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Extremely Little Telescope makes first planetary discoveries
BY AMANDA DOYLE
ASTRONOMY NOW
Posted: 15 June 2012


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KELT_1b An artist's impression of the bloated brown dwarf KELT-1b. Image: Julie Turner, Vanderbilt University.

In the same week that astronomers welcomed the decision to build the European Extremely Large Telescope (E-ELT), the Kilodegree Extremely Little Telescope (KELT) is showing what can be done at the other end of the scale.

KELT is hunting for transiting exoplanets, planets that cause a dip in a star's light as they pass in front, and the first two stellar companions were announced at the meeting of the American Astronomical Society in Alaska this week.

KELT-1b is slightly larger than Jupiter, yet it is 27 times more massive. It has tentatively been classed as a brown dwarf due to its mass. A brown dwarf is a "failed star" that has been unable to initiate the fusion of hydrogen to helium needed to power a star. It is thought that stellar companion between 13 and 80 Jupiter masses signifies a brown dwarf. However there is still much debate about this classification, and much more research is needed to fully understand the formation of brown dwarfs.

Only seven other brown dwarfs have been discovered via the transiting method, and KELT-1b has the shortest period and orbits the brightest star. Its 29-hour orbital period brings it swelteringly close to its stellar host, resulting in the brown dwarf receiving six thousand times more radiation than the Earth receives from the Sun. The intense bombardment of radiation has caused KELT-1b to become inflated beyond the size normally expected. "This is the first definitively inflated brown dwarf we have found," says Scott Gaudi from the KELT team. "Brown dwarf companions are in general rare, so this companion is, in some sense, doubly rare." It is also thought that the radiation might cause the atmosphere of KELT-1b to evaporate quicker than normal, however more calculations are needed to test this idea.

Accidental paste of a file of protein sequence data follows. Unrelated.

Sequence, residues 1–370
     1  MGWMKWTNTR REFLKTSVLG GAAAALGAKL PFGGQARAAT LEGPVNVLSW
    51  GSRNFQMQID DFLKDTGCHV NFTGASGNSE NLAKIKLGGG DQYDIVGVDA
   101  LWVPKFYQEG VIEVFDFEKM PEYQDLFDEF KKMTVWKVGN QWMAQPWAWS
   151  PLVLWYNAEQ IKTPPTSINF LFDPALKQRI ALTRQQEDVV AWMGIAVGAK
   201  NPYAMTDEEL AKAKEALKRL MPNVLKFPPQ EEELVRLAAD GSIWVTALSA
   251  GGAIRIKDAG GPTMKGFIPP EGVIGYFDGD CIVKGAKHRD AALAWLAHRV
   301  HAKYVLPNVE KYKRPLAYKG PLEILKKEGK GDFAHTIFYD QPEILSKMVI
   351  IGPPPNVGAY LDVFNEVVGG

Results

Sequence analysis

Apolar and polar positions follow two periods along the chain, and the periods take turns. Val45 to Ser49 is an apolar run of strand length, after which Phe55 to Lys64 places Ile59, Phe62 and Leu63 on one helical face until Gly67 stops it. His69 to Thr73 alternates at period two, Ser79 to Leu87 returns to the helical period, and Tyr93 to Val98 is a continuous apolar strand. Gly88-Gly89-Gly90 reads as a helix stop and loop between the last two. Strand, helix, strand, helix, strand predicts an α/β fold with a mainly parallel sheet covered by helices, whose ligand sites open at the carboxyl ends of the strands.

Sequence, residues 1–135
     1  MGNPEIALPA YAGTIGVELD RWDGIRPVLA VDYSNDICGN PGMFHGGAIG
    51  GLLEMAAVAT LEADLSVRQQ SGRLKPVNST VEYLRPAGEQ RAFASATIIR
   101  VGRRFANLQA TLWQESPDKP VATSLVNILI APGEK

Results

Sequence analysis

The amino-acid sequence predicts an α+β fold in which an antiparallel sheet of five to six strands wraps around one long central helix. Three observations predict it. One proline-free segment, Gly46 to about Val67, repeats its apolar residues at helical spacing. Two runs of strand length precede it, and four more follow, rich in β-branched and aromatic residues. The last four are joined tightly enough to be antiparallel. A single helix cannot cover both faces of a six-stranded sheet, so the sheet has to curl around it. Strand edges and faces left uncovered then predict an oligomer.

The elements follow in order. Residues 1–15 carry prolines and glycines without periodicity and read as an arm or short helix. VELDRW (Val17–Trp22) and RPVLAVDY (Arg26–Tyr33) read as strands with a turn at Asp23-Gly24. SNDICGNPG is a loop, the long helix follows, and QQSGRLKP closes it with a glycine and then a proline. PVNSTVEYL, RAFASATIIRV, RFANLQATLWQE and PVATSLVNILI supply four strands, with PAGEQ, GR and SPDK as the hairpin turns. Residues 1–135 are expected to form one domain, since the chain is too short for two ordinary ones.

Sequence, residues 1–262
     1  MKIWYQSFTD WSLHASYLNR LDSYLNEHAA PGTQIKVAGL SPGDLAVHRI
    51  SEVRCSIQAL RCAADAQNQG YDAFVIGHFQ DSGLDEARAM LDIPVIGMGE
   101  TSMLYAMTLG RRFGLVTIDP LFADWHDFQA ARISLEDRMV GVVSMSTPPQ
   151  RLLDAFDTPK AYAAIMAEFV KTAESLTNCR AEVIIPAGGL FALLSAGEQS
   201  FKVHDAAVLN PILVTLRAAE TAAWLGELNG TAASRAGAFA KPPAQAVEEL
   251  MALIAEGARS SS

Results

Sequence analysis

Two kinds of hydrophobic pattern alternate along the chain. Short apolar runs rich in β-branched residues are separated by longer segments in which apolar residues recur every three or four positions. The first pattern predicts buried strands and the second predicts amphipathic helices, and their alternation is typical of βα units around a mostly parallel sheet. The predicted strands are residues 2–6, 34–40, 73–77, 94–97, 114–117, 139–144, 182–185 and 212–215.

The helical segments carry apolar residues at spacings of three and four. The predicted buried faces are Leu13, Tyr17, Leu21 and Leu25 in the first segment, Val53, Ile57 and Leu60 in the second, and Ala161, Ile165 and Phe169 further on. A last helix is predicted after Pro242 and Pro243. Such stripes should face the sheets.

KELT-2Ab is less of an oddity as it is a normal hot Jupiter exoplanet. However it is still a rare find as it transits a particularly bright star, and bright stars are vastly outnumbered by their fainter comrades. The parent star is bright enough that astronomers should be able to observe the atmosphere of KELT-2Ab easily from the ground, as the starlight shines through the planet's atmosphere.

KELT consists of KELT North in Arizona and KELT South in South Africa. The telescopes have been designed to survey bright stars, thus filling a gap in the hunt for transiting exoplanets. "As compared to the other ground based surveys, KELT generally looks at stars about 10 times brighter. Compared to Kepler, our stars are about 100 times brighter," explains Thomas Beatty, lead author of the KELT-2Ab paper. Surveying bright stars also makes the follow-up observations needed to confirm the nature of the transiting objects more feasible.

KELT is currently keeping an eye on around 250,000 stars, and it is thought that up to 10 new exoplanets will be found. "We're also considering looking at new regions of the sky," Beatty tells Astronomy Now. "We have some work underway to allow us to look at extremely bright stars (like things you could see with the naked eye). So I'd say we'll be on the sky for a good while yet!"

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